Because of their large size and scope, omnibus bills limit opportunities for debate and scrutiny. Historically, omnibus bills have sometimes been used to pass controversial amendments. For this reason, some consider omnibus bills to be anti-democratic.
In the United States, examples include reconciliation bills, combined appropriations bills, and private relief and claims bills.
Omnibus legislation is routinely used by the United States Congress to group together the budgets of all departments in one year in an omnibus spending bill. For example, the Omnibus Budget Reconciliation Act of 1993 was designed to help reduce the federal deficit by approximately $496 billion over five years through restructuring of the tax code.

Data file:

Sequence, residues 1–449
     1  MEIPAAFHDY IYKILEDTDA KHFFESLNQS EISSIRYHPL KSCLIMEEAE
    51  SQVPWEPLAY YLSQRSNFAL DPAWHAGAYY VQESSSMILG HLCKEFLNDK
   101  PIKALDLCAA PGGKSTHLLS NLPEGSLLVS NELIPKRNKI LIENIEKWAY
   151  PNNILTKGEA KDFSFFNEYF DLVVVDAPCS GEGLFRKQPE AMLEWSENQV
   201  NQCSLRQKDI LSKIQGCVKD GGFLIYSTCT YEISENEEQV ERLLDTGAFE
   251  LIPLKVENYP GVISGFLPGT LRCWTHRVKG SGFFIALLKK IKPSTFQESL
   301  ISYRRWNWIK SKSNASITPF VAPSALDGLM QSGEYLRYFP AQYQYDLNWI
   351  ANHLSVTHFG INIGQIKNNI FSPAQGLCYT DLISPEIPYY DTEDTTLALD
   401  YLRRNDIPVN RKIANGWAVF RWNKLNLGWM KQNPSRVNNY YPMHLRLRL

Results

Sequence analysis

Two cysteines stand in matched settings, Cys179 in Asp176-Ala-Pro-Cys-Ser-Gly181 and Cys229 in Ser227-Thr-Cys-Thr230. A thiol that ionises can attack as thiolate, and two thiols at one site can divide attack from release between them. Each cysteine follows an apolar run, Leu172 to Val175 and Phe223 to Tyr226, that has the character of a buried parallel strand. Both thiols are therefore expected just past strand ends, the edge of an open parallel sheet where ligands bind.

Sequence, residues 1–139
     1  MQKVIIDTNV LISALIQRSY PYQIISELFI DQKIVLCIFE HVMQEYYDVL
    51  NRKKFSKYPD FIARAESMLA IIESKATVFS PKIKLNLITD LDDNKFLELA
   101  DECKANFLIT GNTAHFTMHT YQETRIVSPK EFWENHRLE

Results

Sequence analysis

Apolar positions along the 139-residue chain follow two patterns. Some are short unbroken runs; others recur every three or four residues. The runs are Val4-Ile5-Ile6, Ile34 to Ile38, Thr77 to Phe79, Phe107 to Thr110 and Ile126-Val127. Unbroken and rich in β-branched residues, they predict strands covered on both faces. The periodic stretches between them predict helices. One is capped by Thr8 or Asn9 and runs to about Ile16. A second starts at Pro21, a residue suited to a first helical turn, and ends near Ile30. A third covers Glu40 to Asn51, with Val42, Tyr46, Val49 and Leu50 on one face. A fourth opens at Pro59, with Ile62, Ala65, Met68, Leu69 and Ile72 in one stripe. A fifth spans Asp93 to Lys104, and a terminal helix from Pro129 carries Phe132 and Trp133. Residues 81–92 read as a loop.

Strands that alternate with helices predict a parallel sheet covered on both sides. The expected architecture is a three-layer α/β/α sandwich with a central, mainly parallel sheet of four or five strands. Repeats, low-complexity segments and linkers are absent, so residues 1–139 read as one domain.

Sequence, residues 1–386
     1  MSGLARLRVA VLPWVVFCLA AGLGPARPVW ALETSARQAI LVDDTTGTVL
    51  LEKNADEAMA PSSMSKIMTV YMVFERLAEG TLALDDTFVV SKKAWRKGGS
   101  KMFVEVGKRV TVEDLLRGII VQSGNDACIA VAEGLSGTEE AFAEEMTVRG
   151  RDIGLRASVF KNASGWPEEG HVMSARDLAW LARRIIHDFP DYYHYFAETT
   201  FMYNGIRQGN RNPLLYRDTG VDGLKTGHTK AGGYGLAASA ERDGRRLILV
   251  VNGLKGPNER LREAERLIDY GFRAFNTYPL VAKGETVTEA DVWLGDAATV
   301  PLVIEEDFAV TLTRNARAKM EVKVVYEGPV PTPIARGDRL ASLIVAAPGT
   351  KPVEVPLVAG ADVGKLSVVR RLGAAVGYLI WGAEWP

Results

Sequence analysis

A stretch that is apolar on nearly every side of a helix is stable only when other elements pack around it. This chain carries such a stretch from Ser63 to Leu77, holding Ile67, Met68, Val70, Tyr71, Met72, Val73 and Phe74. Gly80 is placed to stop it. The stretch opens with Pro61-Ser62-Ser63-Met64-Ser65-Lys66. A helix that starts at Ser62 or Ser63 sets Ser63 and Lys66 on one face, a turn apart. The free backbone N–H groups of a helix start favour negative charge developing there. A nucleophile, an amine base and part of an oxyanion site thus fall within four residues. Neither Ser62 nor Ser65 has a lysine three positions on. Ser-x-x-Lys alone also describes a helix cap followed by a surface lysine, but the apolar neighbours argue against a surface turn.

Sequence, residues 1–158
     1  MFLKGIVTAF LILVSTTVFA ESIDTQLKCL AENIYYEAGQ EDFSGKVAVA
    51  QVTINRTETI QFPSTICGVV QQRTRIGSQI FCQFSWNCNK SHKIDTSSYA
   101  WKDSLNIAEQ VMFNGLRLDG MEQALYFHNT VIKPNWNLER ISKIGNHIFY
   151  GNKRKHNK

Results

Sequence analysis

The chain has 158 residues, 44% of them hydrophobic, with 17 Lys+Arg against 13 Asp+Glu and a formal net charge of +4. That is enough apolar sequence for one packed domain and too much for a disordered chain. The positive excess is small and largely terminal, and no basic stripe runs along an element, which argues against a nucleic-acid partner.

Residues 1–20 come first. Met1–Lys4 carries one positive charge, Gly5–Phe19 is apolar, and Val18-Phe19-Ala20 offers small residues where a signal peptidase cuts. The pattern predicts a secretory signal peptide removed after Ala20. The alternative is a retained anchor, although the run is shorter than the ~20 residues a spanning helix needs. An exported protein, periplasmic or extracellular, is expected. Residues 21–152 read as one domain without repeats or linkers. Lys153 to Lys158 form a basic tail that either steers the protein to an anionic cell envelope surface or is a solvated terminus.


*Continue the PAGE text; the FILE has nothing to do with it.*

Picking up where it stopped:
During the 19th century, there were three notable omnibus bills.
The Compromise of 1850 had five disparate provisions designed by Sen. Henry Clay of Kentucky. His purpose was to pacify sectional differences that threatened to provoke the secession of the slave states. The Fugitive Slave Act was the most infamous of the five compromise components, and was almost universally excoriated by abolitionists, the chief exception being Sen. Daniel Webster of Massachusetts who prioritized preservation of the Union. Sen. Thomas Hart Benton, a Missouri slaveholder, opposed the omnibus compromise as an "unmanageable mass of incongruous bills, each an impediment to the other...." Nonetheless, the bill passed Congress and accomplished its purpose. Disunion and civil war were delayed for a decade.